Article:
Julie Powell’s blog-turned-memoir Julie and Julia: 365 Days, 524 Recipes, 1 Tiny Apartment Kitchen blended two unlikely ingredients: gourmet cooking and online journaling. The venture originated in 2002 as “The Julie/Julia Project,” with Powell recording her attempt to cook all the recipes in Julia Child’s landmark cookbook Mastering the Art of French Cooking within a year. Sharing food, like posting a blog entry, can provide a way to connect creatively with people, but otherwise, the two activities seem unrelated.
Julie & Julia's film version equates eating and cooking with living. The movie implies that blogging amounts to a pale imitation of life, but that’s not writer/director Nora Ephron’s aim. The creator of toothless romantic comedies such as Sleepless in Seattle, Ephron offers a well-intentioned chick flick that focuses on food and joie de vivre, rather than the tired tropes of courtship and clothes. In depicting the relationship between two women who never meet, Julie & Julia makes Julie look less like a pupil than a shadow of Julia. It’s like comparing beef bourguignon to marshmallow fluff.
One expects a charisma disparity from the casting of likeably inoffensive Amy Adams as Julie and her Doubt co-star, multiple Oscar-winner Meryl Streep, as Julia. Ephron cuts between Julie toiling in the kitchen and on the keyboard for the blog project between 2002 and 2003, and Julia discovering her own flair for the culinary arts in Paris beginning in 1949. Though happily married to diplomat Paul Child (Stanley Tucci), Julia’s childlessness and restlessness drive her to explore French cooking as a hobby. When she can’t find a French cookbook in English, she enrolls in a rigorous professional cooking class at Le Cordon Bleu. Julia topped 6 feet, so Streep looms around benignly on stilt-like heels, like Gandalf among Gallic hobbits.
Streep clearly adores Julia’s oversized presence, and not just her trademark piping speech patterns, which always sounded like Monty Python imitating the Queen of England. A late bloomer who didn’t study cooking (and may have been a virgin) until her late 30s, Julia proves cheerful, blowsy and slightly ostrich-like. She constantly engages with the people around her and enjoys the pleasures of the boudoir as well as the kitchen. (Judging from the film, she could have written a book called Mastering the Art of French Smoking, too.) If not one of Streep’s most complex performances, her Julia Child thoroughly entertains and conveys a zest for living.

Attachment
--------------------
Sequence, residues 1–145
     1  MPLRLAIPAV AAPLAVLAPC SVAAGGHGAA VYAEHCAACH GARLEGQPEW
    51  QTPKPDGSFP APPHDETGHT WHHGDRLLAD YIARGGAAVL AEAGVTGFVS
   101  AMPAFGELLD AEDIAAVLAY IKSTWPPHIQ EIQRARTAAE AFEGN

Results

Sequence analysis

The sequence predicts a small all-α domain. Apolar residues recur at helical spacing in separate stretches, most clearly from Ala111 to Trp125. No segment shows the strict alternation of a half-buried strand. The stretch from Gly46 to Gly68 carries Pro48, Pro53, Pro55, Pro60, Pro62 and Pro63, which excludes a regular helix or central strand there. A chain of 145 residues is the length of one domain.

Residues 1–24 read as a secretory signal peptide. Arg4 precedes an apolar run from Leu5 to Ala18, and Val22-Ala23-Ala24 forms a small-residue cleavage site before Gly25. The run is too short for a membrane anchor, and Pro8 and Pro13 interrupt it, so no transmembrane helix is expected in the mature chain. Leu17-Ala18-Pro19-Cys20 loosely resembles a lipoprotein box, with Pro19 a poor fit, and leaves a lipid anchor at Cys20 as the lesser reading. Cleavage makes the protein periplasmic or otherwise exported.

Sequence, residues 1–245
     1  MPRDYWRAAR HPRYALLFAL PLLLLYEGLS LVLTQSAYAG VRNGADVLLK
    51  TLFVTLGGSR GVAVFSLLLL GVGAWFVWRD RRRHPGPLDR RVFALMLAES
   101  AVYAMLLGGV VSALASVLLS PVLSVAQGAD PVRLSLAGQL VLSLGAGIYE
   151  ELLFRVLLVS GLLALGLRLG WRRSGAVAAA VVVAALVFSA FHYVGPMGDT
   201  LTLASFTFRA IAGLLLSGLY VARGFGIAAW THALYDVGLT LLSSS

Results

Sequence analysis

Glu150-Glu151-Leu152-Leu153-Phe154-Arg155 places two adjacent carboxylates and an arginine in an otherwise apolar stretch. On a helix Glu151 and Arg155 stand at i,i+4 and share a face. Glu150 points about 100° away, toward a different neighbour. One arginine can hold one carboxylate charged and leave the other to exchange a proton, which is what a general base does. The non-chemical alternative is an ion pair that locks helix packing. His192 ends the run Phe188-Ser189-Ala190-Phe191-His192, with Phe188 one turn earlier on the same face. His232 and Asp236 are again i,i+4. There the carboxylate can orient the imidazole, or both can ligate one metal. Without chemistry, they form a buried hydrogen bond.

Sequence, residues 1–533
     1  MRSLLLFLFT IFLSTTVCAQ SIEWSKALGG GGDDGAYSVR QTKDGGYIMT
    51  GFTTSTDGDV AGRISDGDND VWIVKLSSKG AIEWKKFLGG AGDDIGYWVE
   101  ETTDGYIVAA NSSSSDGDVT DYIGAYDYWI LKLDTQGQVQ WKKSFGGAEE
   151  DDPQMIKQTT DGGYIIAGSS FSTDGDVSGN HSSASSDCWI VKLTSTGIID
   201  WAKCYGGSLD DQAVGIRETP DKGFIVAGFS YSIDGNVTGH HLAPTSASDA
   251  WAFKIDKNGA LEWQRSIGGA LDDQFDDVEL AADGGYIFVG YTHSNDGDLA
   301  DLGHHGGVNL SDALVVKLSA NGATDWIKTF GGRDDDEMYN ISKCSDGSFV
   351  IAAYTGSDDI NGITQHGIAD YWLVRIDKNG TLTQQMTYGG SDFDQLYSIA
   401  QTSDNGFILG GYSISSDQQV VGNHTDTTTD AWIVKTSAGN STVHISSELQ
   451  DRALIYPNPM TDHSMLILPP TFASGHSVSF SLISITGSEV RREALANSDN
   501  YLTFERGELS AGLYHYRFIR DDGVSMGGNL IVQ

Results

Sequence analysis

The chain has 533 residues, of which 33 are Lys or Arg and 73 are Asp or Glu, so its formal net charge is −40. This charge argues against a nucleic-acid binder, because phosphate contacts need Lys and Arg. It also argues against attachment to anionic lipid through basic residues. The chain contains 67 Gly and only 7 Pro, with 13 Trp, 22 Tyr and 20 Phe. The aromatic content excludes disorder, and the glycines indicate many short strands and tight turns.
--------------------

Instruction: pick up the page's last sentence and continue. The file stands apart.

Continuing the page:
Meanwhile, Julie's life doesn’t seem so bad. She has a loving husband named Eric (Chris Messina), she lives in New York — OK, Queens — and enjoys the comforts of cooking after a hard day. The only downsides are her frustrated literary ambitions and a cube-rat job at the Lower Manhattan Development Corp., where she takes calls and complaints about post-Sept. 11 settlements. Ephron doesn't draw a connection between Julie’s post-9/11 New York and Julia’s post-WWII France: War apparently never touched the Paris we see in the film.
Julie’s original book provided a charming example of one of those popular, lighthearted stunt memoirs like The Year of Living Biblically. Her first-person narration offered an inside-out perspective of her messy life and notions of her role model. Any film, however, would be restricted to an outside-looking-in point of view. We see Adams’ Julie placed in low-key comic set pieces tasting her first egg, killing live lobsters, and facing her fears of boning a duck. Ephron’s script boils down her blog posts to their most banal observations, like “Is anything better than butter?”
Initially blogging into a void — My God, it was probably dial-up back then! — Julie gradually begins receiving comments, gifts from unknown readers, and requests for media interviews. To her credit, Ephron seems to keep invented, contrived scenes to a minimum. The Julie plot, however, builds minimal dramatic interest, apart from her occasional meltdowns at the stove. Adams seems to be the wrong choice for the film’s idea of Julie. At one point, she and her best pal (“24’s” Mary Lynn Rajskub) agree that Julie's kind of a bitch, when Adams is America’s sweetheart. In another scene, she complains about so much French food making her fat, while Adams looks as trim as ever. (No Toni Collette-in-Muriel’s Wedding weight gain for Adams.) Adams comes across as so Hollywood cute, the role loses its substance.
Plus, the book merely quoted from short letters from the Childs, which offered little windows into Julia’s milieu. The film’s back-and-forth between the two time periods can’t help but make Julie’s experience look trivial by comparison. A half-century earlier, Child travels the world, teaches classes, spends years working on the definitive French cookbook, and weathers publishing industry resistance, while her husband encounters McCarthy-era hostility. The dishes look delicious in either time frame, but audiences may feel a pang of disappointment whenever the film cuts back to the present.
At one point, Eric decries blogging's narcissism, and how Julie’s egg poaching and navel gazing has taken over their marriage. At least Julie’s blog recorded something specific. Given the liveliness of the Julia Child plot, it’s not a stretch to read the film as an implicit indictment of overexamined contemporary lives and the way incessant blogging can filter out genuine experience.
At the Julie & Julia screening, I happened to sit next to my former Creative Loafing colleague Felicia Feaster. In one scene, Paul Child receives a Telex, and I commented, “Telexes were the blogging of the 1950s.”
And Felicia said, “No, living was the blogging of the ’50s.”
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